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There’s no question that technology is transforming the way we work but the sheer volume of choice can be distracting and confusing.
When we gathered a room full of Melbourne’s finest HR and recruitment professionals to discuss how we can improve our process efficiency, we knew that technology would be a big factor in the conversation. But rather than focusing on the tech they couldn’t live without, our panelists and attendees kept coming back to a discussion about where you even start when trying to choose the solutions that are best for you.
And there was a general consensus - rather than being drawn to every, shiny new toy, go back to basics to work out what you actually need.
Here we look at what that means to each of our panelists.
You wouldn’t make a placement or hire a new member of staff without doing your due diligence, so why make a decision on the tech you use to support that process without asking the right questions about it first?
Determining if a piece of technology is right for you, requires you to first understand the issue you’re trying to address and where that technology would slot in to help. Do an audit of your current hiring process, and then dig into the tools you think you might want to invest in.
Will Milnes-James, Talent and Resourcing Manager at Jemena, summarised this beautifully:
“Truly understand what problem you are trying to solve and identify what tech aligns to meet your requirements. Appreciate there is a lot of tech out there, do your due diligence and ask plenty of questions of the vendor and their clients. Finally, question whether tech is the solution.”
One of the biggest challenges with an investment in technology is ensuring that your team is bought into it and will actually use it. Rather than trying to convincing skeptics post-implementation, be proactive, make sure your colleagues understand why the new tech is an improvement on how things have been done in the past, and the value it will add.
That’s why the temptation to jump in and introduce every cool tool can be massively counter-productive. Bear your team’s interests in mind. It's critical that the tech fits in with your current processes and you are prepared to take the advice your colleagues to adjust your own game plan.
For Edan Haddock, Talent Manager at flybuys, finding the right tech started by holding workshops with key stakeholders, to understand what was really needed. He said:
“We designed our Tech Stack around our ideal “future” process. We knew we wanted to take a values-led approach to Talent Attraction and experience, and selected our Tech Stack from there. Rather than designing processes around technology, we selected technology based on process.”
Investing in tech can also feel daunting if it presents itself as a long-term commitment. While long-term goals should form the overall objectives of your digital transformation, if you’re trying to get buy-in for new technology, identifying the solutions that will slot in easy and help to tackle the needs you have now, is a great way to encourage company-wide confidence in tech investments.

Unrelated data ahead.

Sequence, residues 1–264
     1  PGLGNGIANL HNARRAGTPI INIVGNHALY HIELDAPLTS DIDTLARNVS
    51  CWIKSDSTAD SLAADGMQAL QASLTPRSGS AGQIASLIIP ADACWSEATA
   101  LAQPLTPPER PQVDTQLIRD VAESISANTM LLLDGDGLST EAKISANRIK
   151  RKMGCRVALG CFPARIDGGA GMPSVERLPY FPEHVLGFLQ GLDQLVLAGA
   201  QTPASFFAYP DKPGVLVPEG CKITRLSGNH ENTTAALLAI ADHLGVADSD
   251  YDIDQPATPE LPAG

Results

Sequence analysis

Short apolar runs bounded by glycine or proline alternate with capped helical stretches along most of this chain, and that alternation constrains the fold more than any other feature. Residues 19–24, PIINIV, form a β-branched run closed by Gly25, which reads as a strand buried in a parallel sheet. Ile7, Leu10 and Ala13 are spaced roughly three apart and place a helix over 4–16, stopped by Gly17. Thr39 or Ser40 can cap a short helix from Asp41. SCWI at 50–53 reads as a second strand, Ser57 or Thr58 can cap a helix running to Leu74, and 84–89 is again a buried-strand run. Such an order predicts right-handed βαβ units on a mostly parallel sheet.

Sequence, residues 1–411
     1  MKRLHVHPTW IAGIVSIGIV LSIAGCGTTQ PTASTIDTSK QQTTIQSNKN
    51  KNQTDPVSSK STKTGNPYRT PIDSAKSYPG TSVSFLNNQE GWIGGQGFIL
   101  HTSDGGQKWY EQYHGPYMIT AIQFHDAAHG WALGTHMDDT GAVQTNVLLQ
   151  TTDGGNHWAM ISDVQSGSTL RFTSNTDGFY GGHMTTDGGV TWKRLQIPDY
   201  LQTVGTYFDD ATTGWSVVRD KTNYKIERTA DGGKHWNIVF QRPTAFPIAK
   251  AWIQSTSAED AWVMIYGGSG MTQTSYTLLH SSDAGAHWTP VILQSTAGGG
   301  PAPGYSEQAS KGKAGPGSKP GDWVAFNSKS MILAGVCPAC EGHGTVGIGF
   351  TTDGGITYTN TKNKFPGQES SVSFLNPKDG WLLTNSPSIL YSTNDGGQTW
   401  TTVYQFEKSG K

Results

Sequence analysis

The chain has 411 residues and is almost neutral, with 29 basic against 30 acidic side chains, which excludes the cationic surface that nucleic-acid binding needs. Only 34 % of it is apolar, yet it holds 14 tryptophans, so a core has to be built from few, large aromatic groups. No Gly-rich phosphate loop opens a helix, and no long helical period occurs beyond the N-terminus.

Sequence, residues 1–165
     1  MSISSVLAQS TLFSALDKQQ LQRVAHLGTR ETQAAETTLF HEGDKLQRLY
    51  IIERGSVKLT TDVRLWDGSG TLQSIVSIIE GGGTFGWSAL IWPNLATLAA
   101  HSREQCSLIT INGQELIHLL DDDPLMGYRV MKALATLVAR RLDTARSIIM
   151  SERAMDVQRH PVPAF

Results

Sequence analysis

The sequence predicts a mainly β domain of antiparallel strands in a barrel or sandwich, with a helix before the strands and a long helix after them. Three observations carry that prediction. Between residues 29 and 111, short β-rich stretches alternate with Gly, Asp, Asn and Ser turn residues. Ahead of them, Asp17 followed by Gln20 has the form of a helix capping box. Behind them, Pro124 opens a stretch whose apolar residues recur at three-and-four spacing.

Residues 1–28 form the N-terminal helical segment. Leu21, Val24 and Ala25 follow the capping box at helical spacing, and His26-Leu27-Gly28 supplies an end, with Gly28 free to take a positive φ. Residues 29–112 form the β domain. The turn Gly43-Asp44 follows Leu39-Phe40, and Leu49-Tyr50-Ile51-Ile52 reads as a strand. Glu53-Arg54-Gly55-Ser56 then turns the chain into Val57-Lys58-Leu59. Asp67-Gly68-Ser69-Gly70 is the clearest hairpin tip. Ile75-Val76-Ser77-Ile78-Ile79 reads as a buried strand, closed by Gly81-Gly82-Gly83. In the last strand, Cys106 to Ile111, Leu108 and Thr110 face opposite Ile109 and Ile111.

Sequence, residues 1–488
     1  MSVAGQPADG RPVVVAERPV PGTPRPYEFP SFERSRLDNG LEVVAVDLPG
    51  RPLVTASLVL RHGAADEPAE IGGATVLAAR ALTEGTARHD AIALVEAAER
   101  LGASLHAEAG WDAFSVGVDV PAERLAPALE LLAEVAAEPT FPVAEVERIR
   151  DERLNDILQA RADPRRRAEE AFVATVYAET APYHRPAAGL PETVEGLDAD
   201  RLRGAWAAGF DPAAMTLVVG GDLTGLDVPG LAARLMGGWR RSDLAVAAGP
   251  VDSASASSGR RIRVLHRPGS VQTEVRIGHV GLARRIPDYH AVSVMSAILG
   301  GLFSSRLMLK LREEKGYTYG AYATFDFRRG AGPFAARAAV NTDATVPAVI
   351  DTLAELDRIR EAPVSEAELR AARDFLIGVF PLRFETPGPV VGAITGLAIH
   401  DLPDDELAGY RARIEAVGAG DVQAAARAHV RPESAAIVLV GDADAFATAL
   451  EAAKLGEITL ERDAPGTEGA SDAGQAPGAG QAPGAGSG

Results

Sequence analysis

As Simon McSorley, Founder of Crew Talent Advisory advised:
"Focus on the tech that fits your immediate needs. You don't need to get to nirvana right away. Building credibility as early as possible with your stakeholders is really important, so get the small wins first. Businesses change and evolve, and your TA needs may well too."
It’s no secret that the competition to find and attract great talent is at the highest it’s been for some time. Skills shortages, global mobility, and an increasingly transient workforce are just some of the factors that are putting pressure on talent acquisition professionals to work quickly when they come across a great candidate.
Unfortunately, moving quickly through the recruitment process can often come at the cost of the experience offered to everyone involved. Using the tools that will help to drive an efficient but still robust recruitment process will benefit all users. Start by understanding the experience pain points of your current recruitment process, so you tackle them first.
Our panel moderator in Melbourne, Nadine O’Regan, General Manager at TQSolutions, made this recommendation:
“Consider where tech augmentation can power the experience and solve a specific problem. Know the extent of the pain for all users before designing a fit for purpose tech stack.”
Wherever you are in your recruitment tech journey, these expert tips will help you assess your situation, research the options available and plan your next implementation. You can also download our tech checklist, for seven questions we believe you should be asking every time you explore a new tech investment.